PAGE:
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In the "real world" of the Matrix, do the machines follow Asimov's Three Rules? Were they even programmed with them?

EDIT: I realize that killing people goes against the 1st law, but by keeping people in the Matrix (which the machines view as a symbiosis) rather than simply killing off these "annoying" creatures, I wonder if the killings can be seen as "preserving the greater good" or something along those lines; and thus justify violating the laws.

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    Are you serious? They actively and purposefully kill people. – bitmask Jun 25 '12 at 13:08
  • @bitmask - while the question sounds like "Duh!", it's still fully on topic and not "general reference" despite being somewhat obvious. – DVK-on-Ahch-To Jun 25 '12 at 13:45
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    @DVK it shows a complete lack of knowledge of both the matrix and any of the three laws ... – NimChimpsky Jun 25 '12 at 13:46
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    @NimChimpsky - showing a complete lack of knowledge is not a cut off. There are plenty of questions on this site that to a certain level of expertise show a "complete lack of knowledge", but that's not in and out of itself making them off topic or even bad. Moreover, the answer isn't as trivial and cut and dry as it appears at first glance if you look at the second half of my answer – DVK-on-Ahch-To Jun 25 '12 at 13:51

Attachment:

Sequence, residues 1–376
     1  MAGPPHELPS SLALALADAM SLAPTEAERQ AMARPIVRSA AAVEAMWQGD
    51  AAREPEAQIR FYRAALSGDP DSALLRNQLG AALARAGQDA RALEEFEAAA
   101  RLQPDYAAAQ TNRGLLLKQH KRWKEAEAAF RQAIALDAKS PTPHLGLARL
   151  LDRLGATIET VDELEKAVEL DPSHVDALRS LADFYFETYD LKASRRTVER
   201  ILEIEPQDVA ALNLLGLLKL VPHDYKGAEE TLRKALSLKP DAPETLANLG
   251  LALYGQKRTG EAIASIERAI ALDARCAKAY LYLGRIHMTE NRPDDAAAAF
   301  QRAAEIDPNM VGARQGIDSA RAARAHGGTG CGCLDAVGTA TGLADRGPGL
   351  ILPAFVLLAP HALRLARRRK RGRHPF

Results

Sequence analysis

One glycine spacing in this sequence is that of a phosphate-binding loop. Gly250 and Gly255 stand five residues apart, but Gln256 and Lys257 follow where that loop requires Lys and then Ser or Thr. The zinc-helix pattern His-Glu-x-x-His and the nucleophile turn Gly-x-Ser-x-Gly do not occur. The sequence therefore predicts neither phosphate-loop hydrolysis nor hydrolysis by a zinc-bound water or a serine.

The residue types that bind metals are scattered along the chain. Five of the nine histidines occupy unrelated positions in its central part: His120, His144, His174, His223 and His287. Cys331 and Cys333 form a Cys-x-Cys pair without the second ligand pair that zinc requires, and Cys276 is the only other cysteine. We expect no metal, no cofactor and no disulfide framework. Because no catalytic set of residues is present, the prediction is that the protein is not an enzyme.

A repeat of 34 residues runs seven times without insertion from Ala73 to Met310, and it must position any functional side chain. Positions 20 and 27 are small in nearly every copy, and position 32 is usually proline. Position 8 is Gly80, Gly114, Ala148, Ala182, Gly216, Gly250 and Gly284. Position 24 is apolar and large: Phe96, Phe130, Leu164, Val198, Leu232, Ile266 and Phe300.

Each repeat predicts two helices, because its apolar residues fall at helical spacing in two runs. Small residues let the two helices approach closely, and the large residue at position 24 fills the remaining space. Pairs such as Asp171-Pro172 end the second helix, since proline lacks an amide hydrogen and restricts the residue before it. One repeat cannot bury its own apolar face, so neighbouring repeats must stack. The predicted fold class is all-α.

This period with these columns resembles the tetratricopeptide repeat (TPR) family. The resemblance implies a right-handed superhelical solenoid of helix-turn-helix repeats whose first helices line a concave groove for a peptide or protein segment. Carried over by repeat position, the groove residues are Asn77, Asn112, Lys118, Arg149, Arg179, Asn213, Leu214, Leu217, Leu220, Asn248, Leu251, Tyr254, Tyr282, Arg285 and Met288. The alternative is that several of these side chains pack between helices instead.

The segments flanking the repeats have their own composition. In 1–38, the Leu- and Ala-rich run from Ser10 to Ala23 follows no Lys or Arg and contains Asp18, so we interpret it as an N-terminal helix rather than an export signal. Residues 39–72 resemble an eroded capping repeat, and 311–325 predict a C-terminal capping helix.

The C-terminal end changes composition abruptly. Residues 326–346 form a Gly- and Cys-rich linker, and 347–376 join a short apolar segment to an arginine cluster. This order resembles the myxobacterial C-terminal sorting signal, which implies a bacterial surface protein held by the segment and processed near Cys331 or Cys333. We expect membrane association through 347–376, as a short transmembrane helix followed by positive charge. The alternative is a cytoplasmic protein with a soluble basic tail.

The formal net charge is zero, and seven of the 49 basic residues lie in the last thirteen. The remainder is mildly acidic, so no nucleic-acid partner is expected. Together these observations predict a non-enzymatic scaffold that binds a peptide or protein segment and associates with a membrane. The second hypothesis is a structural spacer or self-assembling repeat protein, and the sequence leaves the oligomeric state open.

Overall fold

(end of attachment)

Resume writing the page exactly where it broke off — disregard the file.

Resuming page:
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    @DVK: That's why I didn't VTC or DV, but I know that Tek knows better than to ask such a "Duh!" question. So my comment was more driven by astonishment than anything else. – bitmask Jun 25 '12 at 14:07
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The "Zeroth Law" that Asimov references (protect humanity even at the cost of some individuals) might justify the actions the robots in The Matrix take. They may have decided that being destroyed would result in such a great collapse of civilization that it put humanity at an undue risk of being destroyed. Heck, humans blotted out the sun, there's no way they would be able to grow enough food to survive without the robots.

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    +1, It also explains why humans are kept alive, since the "energy source" explanation doesn't make much sense. They cannot harm humanity, so they keep us alive like pets. – Izkata Jun 25 '12 at 22:45
  • Real Machines index from zero. – n611x007 Jun 26 '12 at 18:24
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In the film The Animatrix, there is a short film called The Second Renaissance part I which goes into some detail about the rise of the machines and the end of man.

The relationship between humans and machines changes in the year 2090, when a domestic android is threatened by its owner. The android, named B1-66ER in what appears to be a reference to the character Bigger Thomas from the novel Native Son, then kills the owner, his pets, and a mechanic instructed to deactivate the robot. This murder is the first incident of an artificially intelligent machine killing a human. B1-66ER is arrested and put on trial, but justifies the crime as self-defense, stating that it "simply did not want to die".